The ABC to economic recovery
By David Craik -
Alternative Bridging Corporation has vowed to get Britain building again to help the economy and society emerge from the pandemic.
The Hertfordshire based bridging and development finance lender, will unveil a new product called Development 90 later this month which it says will help meet a ‘massive’ pent-up demand for new build property.
“It is a very exciting, market-leading development finance product which will back the UK housebuilding market,” explains ABC director James Bloom. “Through it we will increase loan to value and loan to cost ratios.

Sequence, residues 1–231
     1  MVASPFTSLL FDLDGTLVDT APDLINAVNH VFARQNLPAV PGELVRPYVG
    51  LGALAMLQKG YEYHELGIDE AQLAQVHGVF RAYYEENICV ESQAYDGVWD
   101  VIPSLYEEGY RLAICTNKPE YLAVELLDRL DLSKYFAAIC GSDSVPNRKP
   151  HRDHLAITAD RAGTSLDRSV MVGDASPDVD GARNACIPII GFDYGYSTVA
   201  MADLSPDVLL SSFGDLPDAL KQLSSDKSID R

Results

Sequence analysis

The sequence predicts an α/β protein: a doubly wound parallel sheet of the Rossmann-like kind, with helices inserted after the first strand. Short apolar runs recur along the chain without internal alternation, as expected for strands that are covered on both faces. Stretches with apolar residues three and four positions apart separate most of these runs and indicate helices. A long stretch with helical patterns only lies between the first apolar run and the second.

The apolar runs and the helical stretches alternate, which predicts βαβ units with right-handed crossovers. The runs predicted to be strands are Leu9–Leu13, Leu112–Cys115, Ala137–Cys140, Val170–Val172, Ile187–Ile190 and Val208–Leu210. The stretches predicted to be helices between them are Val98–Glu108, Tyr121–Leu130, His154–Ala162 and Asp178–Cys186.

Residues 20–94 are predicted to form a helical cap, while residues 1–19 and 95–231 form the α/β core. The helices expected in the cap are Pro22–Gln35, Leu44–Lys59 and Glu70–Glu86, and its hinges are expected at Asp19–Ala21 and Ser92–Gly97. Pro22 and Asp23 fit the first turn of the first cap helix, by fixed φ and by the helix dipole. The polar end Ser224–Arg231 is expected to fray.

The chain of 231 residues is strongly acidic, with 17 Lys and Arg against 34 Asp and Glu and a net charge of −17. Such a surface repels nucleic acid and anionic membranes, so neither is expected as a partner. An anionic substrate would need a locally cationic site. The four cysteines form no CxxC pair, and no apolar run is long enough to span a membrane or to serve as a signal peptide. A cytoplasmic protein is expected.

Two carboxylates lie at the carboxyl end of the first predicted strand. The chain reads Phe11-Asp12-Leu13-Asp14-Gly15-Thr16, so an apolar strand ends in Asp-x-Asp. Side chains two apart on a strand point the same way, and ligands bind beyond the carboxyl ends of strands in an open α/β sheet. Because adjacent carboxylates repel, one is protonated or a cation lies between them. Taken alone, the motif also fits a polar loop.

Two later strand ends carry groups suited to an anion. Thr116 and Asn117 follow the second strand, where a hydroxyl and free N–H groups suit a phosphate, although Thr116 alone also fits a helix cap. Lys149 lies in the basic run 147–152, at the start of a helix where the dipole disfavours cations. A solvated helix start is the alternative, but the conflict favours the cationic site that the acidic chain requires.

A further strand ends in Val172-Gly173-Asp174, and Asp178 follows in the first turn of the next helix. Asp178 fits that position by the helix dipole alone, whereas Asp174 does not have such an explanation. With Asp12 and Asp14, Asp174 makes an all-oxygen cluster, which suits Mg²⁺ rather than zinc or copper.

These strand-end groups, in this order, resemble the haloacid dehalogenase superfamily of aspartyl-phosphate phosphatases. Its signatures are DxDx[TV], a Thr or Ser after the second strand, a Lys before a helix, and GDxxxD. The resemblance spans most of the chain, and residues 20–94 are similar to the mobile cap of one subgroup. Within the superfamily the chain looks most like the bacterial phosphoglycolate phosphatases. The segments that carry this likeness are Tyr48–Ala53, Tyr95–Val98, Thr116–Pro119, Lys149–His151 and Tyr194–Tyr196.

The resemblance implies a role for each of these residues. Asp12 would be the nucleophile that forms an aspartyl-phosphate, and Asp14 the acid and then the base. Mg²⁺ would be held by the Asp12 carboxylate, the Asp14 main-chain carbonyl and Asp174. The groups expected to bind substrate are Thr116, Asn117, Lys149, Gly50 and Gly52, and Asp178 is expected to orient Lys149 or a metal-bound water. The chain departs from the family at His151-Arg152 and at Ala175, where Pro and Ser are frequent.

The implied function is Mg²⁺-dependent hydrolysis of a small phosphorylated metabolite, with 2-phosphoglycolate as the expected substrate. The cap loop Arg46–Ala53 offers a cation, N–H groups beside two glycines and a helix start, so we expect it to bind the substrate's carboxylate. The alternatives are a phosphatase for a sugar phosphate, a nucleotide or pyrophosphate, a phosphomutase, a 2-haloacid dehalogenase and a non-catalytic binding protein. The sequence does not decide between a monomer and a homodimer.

We believe it will increase our development finance volumes but also provide a sign that we have confidence in our housebuilders to step up and tackle the undersupply of property. We can help get Britain building again.”
Bloom says the product will be aimed at medium sized, experienced developers who are ‘under-served’ by the finance sector.
“These are developers with a decent track record and a good project but who may not have as quite as much capital as they need to get a standard senior debt product in the market.
They find it hard to get any kind of finance from the high street lenders and we can fill the gap. We are comfortable offering high loan to value loans for the right client with the right product.”
It will be primarily aimed at residential developments, but it will also take in commercial to residential such as repurposing offices or agricultural buildings.